Academic brain drain threatens university education

Harsh economic conditions during 2016 led to a significant brain drain among university staff in Sudan – including professors and lecturers – that is directly threatening higher education development, according to a new government report.

The report, released by Sudan’s Ministry of Higher Education and Scientific Research and outlined by alnilin website on 25 October, revealed that 2,158 university staff had left the country so far this year.

They included 108 professors, 315 associate professors, 873 assistant professors, 548 lectures and 314 teaching assistants.

The ministry report follows on the 2016 UNESCO Science Report: Towards 2030, which stated that conflict and brain drain were undermining development. It pointed out that between 2002 and 2014, Sudan lost more than 3,000 junior and senior researchers to migration.

The warning in the ministry’s report was also echoed in other official figures, which indicate that more than 600 university professors and PhD holders left Sudan in 2011, 1,002 professors left universities in 2012, around 50,000 skilled workers migrated in 2014 – and some 300 professors left Khartoum University alone.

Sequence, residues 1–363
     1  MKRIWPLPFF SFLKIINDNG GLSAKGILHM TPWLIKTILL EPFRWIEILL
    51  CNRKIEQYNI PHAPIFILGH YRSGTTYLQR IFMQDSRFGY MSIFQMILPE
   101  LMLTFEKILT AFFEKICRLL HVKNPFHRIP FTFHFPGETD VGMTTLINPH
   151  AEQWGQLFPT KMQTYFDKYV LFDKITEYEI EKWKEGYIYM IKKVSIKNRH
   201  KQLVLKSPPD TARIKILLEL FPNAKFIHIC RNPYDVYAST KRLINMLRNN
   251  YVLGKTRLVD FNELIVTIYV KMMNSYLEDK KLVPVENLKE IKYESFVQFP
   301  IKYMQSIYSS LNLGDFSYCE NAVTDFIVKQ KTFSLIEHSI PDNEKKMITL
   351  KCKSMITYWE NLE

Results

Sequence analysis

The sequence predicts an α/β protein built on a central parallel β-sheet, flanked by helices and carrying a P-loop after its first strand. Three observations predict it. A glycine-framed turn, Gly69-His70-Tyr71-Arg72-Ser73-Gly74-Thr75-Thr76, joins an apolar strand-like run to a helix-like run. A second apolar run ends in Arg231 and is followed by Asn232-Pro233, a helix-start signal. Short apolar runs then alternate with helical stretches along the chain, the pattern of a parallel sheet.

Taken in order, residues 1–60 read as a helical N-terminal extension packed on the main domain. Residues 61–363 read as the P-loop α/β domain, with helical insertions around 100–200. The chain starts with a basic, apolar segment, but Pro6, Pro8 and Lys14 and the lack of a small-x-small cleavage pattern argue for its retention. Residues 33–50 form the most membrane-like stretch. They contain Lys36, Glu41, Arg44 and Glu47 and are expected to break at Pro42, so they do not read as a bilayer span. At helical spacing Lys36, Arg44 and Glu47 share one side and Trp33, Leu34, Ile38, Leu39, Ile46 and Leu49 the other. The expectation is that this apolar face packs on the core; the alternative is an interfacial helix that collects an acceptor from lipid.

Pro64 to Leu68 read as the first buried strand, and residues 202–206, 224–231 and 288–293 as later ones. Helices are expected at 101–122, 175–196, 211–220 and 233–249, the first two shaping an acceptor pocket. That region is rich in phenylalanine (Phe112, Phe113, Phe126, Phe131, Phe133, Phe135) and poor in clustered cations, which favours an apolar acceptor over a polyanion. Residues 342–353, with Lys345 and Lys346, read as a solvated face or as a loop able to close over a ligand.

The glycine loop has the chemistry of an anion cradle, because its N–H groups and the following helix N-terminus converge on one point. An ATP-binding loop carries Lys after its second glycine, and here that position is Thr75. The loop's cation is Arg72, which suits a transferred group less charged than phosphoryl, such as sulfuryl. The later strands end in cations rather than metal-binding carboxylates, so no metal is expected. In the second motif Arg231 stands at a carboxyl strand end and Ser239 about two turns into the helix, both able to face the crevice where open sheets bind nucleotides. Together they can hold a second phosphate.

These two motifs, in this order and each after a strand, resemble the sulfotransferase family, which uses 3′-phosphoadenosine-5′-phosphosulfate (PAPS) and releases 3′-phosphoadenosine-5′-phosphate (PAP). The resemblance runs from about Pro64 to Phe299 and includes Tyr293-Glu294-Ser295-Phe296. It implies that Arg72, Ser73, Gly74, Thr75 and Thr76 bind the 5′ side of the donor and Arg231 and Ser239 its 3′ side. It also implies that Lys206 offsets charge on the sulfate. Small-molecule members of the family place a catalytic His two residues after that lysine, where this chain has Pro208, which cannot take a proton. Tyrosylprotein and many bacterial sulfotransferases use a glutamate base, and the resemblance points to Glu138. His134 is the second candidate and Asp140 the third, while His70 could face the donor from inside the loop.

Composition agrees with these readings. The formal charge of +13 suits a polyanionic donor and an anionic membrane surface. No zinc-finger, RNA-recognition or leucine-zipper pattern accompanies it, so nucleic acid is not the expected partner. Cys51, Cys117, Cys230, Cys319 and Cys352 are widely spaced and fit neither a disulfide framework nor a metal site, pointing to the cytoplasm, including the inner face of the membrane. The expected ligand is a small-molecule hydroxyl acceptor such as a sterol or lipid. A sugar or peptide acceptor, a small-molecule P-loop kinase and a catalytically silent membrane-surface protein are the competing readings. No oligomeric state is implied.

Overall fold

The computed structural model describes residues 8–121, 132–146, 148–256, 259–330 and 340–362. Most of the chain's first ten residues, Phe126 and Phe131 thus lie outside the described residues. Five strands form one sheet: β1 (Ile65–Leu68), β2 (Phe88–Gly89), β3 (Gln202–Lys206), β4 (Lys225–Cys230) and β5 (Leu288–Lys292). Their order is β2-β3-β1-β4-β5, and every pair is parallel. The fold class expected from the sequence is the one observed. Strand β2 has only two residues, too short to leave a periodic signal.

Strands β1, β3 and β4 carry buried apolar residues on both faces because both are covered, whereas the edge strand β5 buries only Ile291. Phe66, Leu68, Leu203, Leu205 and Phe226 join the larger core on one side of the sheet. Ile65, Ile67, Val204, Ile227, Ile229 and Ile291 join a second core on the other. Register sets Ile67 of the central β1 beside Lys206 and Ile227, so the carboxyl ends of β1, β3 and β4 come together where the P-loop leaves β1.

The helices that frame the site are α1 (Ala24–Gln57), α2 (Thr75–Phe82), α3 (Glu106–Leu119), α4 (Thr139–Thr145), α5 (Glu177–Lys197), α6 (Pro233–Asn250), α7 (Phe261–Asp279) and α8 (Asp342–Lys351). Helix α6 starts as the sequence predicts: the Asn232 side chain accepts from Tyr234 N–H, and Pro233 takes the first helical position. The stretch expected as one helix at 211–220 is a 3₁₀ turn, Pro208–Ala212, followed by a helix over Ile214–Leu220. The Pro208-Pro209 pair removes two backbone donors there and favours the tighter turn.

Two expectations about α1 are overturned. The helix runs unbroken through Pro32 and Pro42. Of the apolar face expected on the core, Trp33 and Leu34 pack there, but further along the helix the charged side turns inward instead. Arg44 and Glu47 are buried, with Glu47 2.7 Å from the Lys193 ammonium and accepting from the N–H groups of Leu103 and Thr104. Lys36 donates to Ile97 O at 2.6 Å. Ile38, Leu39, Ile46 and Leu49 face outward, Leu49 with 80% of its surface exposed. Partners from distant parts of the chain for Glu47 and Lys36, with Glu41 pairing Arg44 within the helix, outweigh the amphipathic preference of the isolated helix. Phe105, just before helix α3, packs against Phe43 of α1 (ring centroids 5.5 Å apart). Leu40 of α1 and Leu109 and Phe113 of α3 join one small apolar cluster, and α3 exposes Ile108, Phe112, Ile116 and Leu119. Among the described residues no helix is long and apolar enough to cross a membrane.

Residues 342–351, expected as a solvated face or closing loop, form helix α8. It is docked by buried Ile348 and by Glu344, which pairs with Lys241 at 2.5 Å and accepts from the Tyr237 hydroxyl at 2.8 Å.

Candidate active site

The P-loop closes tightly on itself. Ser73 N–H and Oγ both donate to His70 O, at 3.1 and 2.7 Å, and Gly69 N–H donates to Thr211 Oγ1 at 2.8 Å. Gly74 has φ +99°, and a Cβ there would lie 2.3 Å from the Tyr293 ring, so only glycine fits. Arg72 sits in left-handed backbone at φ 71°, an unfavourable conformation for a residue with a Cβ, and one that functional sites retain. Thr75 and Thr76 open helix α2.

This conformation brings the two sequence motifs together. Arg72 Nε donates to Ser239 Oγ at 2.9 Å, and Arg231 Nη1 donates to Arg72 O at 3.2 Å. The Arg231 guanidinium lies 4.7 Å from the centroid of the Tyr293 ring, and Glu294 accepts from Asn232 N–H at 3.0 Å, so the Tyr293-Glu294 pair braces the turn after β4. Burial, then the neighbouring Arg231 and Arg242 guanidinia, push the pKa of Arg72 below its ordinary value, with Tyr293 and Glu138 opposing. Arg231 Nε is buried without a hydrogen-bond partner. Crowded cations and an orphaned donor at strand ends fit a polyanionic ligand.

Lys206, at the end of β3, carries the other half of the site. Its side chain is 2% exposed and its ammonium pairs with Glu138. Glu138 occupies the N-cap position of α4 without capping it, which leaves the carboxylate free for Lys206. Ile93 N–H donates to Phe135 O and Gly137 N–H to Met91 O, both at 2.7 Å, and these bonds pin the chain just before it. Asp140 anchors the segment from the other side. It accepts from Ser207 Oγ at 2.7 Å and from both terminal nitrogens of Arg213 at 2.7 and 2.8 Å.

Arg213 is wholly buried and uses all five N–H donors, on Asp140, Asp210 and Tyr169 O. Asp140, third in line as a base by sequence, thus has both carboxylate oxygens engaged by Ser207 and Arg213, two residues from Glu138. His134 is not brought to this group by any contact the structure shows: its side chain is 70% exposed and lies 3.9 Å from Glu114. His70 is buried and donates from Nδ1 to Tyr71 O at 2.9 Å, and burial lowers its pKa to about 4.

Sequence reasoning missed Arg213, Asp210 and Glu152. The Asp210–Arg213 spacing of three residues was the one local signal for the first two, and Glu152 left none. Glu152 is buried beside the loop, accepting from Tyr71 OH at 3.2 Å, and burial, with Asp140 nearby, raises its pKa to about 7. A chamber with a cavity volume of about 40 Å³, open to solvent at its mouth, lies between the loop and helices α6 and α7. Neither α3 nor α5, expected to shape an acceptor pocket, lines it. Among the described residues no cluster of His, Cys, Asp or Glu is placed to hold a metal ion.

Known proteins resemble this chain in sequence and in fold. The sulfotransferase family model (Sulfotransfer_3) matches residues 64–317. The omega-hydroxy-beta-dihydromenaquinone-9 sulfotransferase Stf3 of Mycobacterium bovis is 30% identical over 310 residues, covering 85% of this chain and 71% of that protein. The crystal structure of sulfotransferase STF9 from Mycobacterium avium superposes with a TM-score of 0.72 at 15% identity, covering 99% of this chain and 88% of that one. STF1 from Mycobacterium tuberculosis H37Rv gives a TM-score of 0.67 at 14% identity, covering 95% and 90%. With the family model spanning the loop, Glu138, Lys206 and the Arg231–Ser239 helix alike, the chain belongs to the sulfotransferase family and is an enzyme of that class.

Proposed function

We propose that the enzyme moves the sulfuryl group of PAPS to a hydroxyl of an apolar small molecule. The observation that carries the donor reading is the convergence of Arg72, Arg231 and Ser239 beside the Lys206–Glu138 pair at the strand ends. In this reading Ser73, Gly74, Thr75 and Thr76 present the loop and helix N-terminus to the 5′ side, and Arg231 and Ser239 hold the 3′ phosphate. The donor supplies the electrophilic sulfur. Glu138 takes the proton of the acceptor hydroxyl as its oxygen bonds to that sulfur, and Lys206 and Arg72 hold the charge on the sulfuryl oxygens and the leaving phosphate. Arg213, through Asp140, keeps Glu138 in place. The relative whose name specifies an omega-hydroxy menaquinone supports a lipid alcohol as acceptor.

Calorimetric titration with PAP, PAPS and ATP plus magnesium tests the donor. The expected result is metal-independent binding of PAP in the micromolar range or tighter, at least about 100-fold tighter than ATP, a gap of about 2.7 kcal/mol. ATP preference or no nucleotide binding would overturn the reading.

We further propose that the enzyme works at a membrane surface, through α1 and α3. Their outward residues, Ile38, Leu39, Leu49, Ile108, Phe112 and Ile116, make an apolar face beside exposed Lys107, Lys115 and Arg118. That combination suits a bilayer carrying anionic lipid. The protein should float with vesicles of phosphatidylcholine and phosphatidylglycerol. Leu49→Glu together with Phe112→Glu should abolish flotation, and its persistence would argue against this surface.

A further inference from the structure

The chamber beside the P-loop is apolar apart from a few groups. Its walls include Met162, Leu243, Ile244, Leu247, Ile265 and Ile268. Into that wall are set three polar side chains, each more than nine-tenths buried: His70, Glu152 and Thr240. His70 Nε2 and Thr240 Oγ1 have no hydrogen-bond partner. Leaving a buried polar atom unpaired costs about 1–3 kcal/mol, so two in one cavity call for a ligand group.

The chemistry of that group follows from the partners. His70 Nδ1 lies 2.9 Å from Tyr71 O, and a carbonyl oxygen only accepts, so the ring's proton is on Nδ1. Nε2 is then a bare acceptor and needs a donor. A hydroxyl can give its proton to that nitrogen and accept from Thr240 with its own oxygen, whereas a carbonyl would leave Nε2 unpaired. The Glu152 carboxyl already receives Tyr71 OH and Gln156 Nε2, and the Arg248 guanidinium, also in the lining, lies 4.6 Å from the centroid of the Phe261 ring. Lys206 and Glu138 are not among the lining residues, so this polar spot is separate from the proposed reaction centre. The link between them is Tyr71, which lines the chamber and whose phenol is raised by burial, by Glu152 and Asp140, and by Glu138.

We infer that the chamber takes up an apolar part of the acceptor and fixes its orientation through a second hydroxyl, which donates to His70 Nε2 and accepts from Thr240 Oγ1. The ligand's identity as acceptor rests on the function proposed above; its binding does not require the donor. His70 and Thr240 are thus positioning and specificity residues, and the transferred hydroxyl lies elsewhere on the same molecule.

Brain drain reasons

Minister of Higher Education and Scientific Research Somaya Abu Kashawa told a forum on higher education organised by Parliament’s education commission on 24 October that conditions for university lecturers had been “deteriorating tremendously” in recent years.

This was a result of low salaries, which according to official figures are around SDG3,100 (US$480) a month for a professor.

Economic problems were exacerbated by 1997 United States sanctions and the 2011 independence of South Sudan, which took with it about 75% of Sudan’s oil output.

The US sanctions led to restrictions and isolation that has seriously hobbled research and knowledge production, and encouraged the brain drain of highly educated individuals, according to a 2015 publication entitled The Efficacy of United States Sanctions on the Republic of Sudan.

Impacts on universities

A recent report indicated that more than a quarter of Khartoum University professors have emigrated in search of a better livelihood, which has led to the closure of some departments and cancellation of a number of courses, and has affected research and postgraduate studies as many students are unable to find a supervisor.

Also, political and financial challenges to Sudan's universities – there are 31 public and 11 private universities – have resulted in weak performance in regional education and research indicators.

To deal with challenges facing Sudanese university staff, Abu Kashawa said the government was being asked to allocate 2% of gross domestic product for higher education and create a fund to finance universities in order to improve conditions for staff.